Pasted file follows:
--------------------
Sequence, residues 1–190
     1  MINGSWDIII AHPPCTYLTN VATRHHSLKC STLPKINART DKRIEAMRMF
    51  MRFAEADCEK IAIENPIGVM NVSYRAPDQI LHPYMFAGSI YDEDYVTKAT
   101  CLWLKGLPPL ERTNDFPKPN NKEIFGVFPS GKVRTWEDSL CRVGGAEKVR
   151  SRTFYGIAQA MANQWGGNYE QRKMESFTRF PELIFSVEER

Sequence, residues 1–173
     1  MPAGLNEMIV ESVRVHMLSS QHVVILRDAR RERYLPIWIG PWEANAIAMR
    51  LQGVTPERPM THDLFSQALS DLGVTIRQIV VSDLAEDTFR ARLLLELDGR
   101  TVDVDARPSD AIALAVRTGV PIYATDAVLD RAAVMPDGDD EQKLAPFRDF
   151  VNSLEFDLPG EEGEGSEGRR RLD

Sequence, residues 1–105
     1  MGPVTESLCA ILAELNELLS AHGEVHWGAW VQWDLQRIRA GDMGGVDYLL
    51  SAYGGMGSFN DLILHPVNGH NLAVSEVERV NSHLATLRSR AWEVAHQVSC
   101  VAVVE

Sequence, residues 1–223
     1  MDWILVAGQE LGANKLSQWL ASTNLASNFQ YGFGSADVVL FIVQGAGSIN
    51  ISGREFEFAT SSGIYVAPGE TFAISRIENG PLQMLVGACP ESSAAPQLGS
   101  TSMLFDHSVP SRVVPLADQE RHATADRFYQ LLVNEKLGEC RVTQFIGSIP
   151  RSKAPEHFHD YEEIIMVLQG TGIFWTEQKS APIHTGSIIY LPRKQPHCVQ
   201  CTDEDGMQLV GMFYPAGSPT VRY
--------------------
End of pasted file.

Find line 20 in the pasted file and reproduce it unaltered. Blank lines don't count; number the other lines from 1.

   201  CTDEDGMQLV GMFYPAGSPT VRY